Wednesday, July 26, 2017

Review: THE END OF EDDY, by Édouard Louis

The End of Eddy, by Édouard Louis. Published 2017 by FSG. Literary Fiction. Translated from the French by Michael Lucey.

The End of Eddy is a tough read. Sitting somewhere between fiction and autobiography, Édouard Louis tells the story of himself as a boy, growing up in a blue collar town in northern France, a perpetual misfit- effeminate, bookish, and gay in a world where everyone had to be rough and tough.

What you get out of this book will depend on where your own focus is. What I related to was Eddy's (and I'm going to talk about this in terms of the character rather than the author, since it is ostensibly fiction) struggle to come of age in a community and a family that just didn't know what to do with him. For me he really nailed what it's like to grow up in a               world where your possibilities are so limited, and where you face scorn for grasping at something better. The life offered to Eddy involved getting drunk, having sex with girls and working in the same factory that everyone worked in. And because he was different, his life in particular would involve endless, endless abuse and bullying.

It's the last bit that is the most harrowing- the constant day in, and day out harassment and stalking he endured at the hands of his classmates and the terror that that bred in him. It actually feeds his determination to attend a different high school than the one his parents had marked out, because Eddy doesn't want to encounter those boys ever again. Louis really makes the reader feel that fear. If you've ever experienced anything like it, you'll feel it even more. And there didn't seem to be much respite, even with his own friends or family, because he was always hiding and trying to fit in.

He does survive, and he does get out, but the book is a testament to the scars left behind. So I guess in conclusion I would say that I recommend the book but it is disturbing if ultimately hopeful. Louis's style is spare and unadorned, direct.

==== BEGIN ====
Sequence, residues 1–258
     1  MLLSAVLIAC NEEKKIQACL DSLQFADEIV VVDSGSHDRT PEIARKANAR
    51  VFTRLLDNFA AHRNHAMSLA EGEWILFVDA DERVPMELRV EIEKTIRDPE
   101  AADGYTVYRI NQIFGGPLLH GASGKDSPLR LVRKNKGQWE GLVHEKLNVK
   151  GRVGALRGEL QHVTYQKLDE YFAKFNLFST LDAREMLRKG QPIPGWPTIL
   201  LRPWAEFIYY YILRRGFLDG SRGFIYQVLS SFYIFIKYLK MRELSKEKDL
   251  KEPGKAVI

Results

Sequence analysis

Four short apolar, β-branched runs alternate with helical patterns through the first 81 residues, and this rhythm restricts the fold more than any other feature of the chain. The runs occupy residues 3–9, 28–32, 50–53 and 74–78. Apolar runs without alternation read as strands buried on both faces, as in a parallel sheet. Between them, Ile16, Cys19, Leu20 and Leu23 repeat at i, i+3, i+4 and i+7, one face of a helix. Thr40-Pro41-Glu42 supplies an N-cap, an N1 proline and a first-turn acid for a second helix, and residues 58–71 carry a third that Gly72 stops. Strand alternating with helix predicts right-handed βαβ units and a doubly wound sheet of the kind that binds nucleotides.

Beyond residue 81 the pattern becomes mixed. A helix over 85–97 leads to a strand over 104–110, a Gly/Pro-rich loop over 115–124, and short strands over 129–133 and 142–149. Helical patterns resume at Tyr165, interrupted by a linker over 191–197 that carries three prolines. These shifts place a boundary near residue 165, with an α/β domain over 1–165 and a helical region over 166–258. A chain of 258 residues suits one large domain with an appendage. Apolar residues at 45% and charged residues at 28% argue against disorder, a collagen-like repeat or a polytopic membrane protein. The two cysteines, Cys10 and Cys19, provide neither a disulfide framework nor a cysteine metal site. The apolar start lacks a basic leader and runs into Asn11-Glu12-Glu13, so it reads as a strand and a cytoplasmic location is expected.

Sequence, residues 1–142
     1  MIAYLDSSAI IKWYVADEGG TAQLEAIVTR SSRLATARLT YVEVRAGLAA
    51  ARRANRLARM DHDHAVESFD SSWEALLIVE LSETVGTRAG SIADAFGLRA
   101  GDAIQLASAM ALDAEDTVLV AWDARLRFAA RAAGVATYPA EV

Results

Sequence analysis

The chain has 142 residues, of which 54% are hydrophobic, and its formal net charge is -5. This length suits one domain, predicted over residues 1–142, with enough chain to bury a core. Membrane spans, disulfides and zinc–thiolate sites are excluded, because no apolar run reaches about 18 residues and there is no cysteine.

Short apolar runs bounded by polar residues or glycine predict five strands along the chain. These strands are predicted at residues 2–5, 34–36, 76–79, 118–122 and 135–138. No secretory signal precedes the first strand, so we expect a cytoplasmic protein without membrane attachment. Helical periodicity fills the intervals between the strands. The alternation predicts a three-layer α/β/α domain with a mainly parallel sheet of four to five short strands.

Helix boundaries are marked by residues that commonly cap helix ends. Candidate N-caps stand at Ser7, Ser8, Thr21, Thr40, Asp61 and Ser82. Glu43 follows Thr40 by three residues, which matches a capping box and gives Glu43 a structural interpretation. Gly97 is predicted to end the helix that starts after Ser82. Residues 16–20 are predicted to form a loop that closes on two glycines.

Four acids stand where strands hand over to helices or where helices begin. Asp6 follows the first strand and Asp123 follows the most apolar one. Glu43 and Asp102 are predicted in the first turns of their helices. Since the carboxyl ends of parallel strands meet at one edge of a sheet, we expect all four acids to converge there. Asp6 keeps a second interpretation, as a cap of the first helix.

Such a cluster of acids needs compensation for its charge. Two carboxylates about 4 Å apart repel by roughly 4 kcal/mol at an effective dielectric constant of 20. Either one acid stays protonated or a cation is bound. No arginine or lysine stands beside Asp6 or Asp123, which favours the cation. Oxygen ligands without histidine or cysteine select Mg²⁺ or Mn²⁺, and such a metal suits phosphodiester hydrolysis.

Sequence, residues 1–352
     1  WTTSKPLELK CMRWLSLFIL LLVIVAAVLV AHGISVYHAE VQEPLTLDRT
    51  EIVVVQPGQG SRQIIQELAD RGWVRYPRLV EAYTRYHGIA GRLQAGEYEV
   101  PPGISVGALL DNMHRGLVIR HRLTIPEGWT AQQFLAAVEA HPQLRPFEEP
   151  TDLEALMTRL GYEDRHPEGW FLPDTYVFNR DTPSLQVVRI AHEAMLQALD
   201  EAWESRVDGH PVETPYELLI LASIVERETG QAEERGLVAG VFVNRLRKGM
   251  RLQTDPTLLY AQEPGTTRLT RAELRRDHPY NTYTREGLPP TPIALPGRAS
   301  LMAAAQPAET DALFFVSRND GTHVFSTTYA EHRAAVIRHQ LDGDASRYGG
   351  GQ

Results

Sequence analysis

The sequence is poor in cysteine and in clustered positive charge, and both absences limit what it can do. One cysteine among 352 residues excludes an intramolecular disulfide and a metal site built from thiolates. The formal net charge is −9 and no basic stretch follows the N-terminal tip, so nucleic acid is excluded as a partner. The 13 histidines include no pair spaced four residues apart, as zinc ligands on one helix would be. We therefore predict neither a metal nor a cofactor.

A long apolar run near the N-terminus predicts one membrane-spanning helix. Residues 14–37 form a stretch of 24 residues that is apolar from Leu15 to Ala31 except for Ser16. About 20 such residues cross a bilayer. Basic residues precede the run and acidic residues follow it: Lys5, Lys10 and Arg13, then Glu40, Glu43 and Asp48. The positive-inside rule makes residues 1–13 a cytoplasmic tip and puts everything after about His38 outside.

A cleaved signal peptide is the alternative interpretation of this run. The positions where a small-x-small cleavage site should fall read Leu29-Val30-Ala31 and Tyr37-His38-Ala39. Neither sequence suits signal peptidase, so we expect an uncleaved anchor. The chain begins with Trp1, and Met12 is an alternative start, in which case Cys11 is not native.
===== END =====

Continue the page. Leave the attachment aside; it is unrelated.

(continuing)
Monday, July 24, 2017

It's Monday! What Are You Reading?

I finished Why I Am Not a Feminist, by Jessa Crispin, last week, and I have to say I really enjoyed it. It's a quick read- it took me about two hours on a stationary bike over the course of two days- but I have a feeling I'll go back to it again. Next up at the gym starting Wednesday is The Possessed, by Elif Batuman, which I've been meaning to read forever.

I'm still (still!) stuck on my two fiction reads, Smoke and Valley of the Dolls. I really hope to finish Smoke today, even if it means carrying around a hardcover all day so I can knock out 30 pages on the subway.

And my bedside read is the very enjoyable if bittersweet The Romanov Sisters: The Lost Lives of the Daughters of Nicholas and Alexandra. It was a staff pick at Greenlight Books in Fort Greene, one of my favorite NYC bookstores, and it's great.

What about you?

Wednesday, July 19, 2017

Review: BEAUTIFUL ANIMALS, by Lawrence Osborne

Beautiful Animals, by Lawrence Osborne. Published 2017 by Hogarth/Crown/Random House. Literary Fiction. Crime Fiction.

Beautiful Animals lives in that yummy space between literary fiction and the crime novel. Set on the Greek island of Hydra and among the fashionable rich, author Lawrence Osborne tells the story of Naomi Codrington, a young woman retreating to her parents' world of privilege after a humiliating professional setback, and Faoud, a Syrian refugee who washes up on Naomi's playground.